The Impact of Including Advantaged Groups in Collective Action Against Social Inequality on Politicized Identification of Observers From Disadvantaged and Advantaged Groups

DC FieldValueLanguage
dc.contributor.authorKutlaca, Maja
dc.contributor.authorRadke, Helena R. M.
dc.contributor.authorBecker, Julia C.
dc.date.accessioned2021-12-23T16:16:29Z-
dc.date.available2021-12-23T16:16:29Z-
dc.identifier.issn0162895X
dc.identifier.urihttps://osnascholar.ub.uni-osnabrueck.de/handle/unios/11895-
dc.description.abstractMobilizing public support is key to a movement's success. Little is known, however, about how movements can achieve this goal and whether involving advantaged group members is beneficial for a movement's cause. In a set of five experiments with convenience samples collected in the United States and Germany (total N = 1,625), we examined whether protests (e.g., against racism and sexism) with and without advantaged group members affect politicized identification among observers. We expected that the presence (vs. absence) of advantaged group members at a protest will increase politicized identification among advantaged group observers, which was confirmed in Studies 1A-1C. In contrast, we expected that the disadvantaged group observers will increase or decrease their politicized identification depending on the role advantaged group members have at a protest (i.e., supportive vs. leadership role). Studies 2A-2B revealed that when advantaged group members had a supportive role, disadvantaged and advantaged group observers increased their politicized identification, but this effect was absent when they had a leadership role. Moreover, including advantaged group members in a protest increased the belief that solidarity is a normative behavior and the expectations that a protest will be peaceful among observers. Implications for research on allyship are discussed.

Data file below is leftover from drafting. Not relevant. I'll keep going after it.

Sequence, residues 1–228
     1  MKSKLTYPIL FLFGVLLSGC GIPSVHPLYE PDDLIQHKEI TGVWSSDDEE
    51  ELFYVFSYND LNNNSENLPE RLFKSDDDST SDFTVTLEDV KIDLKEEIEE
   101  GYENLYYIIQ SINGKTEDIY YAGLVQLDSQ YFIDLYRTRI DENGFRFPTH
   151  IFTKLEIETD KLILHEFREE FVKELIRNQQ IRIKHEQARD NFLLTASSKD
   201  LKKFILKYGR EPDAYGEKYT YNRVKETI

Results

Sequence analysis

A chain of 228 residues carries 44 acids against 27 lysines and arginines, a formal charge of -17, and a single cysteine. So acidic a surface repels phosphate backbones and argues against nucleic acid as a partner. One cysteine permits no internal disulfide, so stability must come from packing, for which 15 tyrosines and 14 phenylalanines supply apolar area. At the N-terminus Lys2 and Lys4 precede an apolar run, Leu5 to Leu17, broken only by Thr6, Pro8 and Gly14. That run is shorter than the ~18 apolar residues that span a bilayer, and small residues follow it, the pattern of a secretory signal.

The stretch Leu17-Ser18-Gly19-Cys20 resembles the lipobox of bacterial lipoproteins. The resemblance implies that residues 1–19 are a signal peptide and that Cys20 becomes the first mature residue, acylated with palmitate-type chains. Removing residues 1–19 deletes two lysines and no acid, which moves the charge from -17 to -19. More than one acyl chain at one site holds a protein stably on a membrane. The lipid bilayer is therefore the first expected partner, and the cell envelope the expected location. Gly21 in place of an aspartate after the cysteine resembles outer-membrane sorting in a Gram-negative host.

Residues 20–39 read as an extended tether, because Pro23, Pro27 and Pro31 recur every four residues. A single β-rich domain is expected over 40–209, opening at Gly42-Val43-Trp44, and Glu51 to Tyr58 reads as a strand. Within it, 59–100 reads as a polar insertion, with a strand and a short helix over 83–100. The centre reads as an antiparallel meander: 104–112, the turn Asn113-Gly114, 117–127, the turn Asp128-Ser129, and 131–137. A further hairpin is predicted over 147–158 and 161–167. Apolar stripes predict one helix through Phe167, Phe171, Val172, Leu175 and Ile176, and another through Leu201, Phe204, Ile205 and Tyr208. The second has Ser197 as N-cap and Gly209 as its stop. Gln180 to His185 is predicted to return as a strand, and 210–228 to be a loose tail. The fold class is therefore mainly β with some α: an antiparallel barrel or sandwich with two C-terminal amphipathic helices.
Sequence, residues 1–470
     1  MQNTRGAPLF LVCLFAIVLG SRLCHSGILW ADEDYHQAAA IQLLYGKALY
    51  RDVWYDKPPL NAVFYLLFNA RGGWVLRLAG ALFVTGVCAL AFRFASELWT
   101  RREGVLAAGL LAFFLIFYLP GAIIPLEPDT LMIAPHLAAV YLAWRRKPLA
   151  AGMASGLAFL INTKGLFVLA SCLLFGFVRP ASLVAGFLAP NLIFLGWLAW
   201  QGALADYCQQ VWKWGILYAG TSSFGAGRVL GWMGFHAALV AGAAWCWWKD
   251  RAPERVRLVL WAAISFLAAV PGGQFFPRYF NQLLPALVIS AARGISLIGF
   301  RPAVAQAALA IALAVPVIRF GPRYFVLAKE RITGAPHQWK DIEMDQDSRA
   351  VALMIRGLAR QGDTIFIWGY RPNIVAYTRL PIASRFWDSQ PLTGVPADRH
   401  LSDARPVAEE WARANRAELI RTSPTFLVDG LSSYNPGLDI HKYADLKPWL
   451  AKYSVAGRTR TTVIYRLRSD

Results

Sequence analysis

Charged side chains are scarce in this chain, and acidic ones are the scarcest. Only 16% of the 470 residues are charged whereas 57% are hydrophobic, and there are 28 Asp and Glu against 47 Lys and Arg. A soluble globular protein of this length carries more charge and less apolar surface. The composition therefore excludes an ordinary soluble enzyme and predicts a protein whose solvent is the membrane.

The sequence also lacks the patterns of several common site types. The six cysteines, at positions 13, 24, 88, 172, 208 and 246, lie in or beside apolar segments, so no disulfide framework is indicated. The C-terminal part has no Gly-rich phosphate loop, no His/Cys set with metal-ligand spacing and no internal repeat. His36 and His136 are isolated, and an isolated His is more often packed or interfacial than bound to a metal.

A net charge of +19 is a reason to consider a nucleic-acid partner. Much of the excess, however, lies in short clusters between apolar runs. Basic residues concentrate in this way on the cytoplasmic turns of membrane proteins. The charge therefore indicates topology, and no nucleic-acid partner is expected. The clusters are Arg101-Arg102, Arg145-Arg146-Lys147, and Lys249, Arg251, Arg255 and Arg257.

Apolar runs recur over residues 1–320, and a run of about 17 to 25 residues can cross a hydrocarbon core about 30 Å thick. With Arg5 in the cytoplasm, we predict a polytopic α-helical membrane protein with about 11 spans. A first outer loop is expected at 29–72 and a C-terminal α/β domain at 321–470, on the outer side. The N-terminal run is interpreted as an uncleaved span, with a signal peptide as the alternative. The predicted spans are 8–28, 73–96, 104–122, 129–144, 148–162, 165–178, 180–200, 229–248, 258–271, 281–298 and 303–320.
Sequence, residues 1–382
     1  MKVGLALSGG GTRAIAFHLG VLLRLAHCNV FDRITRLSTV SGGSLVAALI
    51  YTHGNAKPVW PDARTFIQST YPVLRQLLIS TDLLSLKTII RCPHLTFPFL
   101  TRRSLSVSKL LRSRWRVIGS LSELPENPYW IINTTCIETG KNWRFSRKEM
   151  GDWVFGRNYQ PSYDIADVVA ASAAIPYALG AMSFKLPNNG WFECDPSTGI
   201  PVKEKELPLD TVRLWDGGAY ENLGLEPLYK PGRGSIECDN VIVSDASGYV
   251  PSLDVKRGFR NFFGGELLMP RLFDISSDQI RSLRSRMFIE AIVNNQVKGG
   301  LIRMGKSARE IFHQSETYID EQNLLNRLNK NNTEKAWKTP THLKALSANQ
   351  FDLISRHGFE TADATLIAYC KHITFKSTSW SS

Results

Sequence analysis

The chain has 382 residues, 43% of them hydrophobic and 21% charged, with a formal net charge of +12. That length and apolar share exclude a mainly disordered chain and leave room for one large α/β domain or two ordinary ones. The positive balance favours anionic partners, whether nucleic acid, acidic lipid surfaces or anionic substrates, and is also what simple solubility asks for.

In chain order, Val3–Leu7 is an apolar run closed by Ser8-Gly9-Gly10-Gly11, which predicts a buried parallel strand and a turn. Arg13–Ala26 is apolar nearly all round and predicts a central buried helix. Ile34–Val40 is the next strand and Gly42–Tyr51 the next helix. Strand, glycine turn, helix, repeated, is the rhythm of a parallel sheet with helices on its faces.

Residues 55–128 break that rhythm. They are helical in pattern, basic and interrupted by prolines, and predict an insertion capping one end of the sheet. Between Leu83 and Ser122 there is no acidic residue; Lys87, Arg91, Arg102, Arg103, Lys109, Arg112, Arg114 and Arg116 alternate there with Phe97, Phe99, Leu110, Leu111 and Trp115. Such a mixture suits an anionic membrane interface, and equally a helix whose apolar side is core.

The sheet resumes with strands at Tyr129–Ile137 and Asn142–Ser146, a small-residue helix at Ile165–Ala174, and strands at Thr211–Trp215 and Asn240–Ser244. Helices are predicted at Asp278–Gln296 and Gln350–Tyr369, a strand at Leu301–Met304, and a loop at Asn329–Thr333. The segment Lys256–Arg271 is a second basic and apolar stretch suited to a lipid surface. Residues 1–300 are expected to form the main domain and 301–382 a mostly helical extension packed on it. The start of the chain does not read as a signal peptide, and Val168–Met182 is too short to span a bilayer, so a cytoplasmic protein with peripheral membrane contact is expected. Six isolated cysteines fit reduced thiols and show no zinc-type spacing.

dc.description.sponsorshipProjekt DEAL; Correspondence concerning this article should be addressed to Maja Kutlaca, Department of Psychology, Durham University, South Road, Durham DH1 3LE, UK. E-mail:maja.kutlaca@durham.ac.uk Open Access funding enabled and organized by Projekt DEAL
dc.language.isoen
dc.publisherWILEY
dc.relation.ispartofPOLITICAL PSYCHOLOGY
dc.subjectadvantaged group
dc.subjectallyship
dc.subjectATTITUDES
dc.subjectdisadvantaged group
dc.subjectGovernment & Law
dc.subjectGROUP MEMBERS
dc.subjectGROUP NORMS
dc.subjectHELP
dc.subjectIDENTITY MODEL
dc.subjectobservers
dc.subjectPolitical Science
dc.subjectpoliticized identification
dc.subjectPREJUDICE
dc.subjectPsychology
dc.subjectPsychology, Social
dc.subjectSOLIDARITY
dc.titleThe Impact of Including Advantaged Groups in Collective Action Against Social Inequality on Politicized Identification of Observers From Disadvantaged and Advantaged Groups
dc.typejournal article
dc.identifier.doi10.1111/pops.12755
dc.identifier.isiISI:000661184000001
dc.identifier.eissn14679221
dc.publisher.place111 RIVER ST, HOBOKEN 07030-5774, NJ USA
dcterms.isPartOf.abbreviationPolit. Psychol.
dcterms.oaStatusGreen Accepted, Green Published, hybrid
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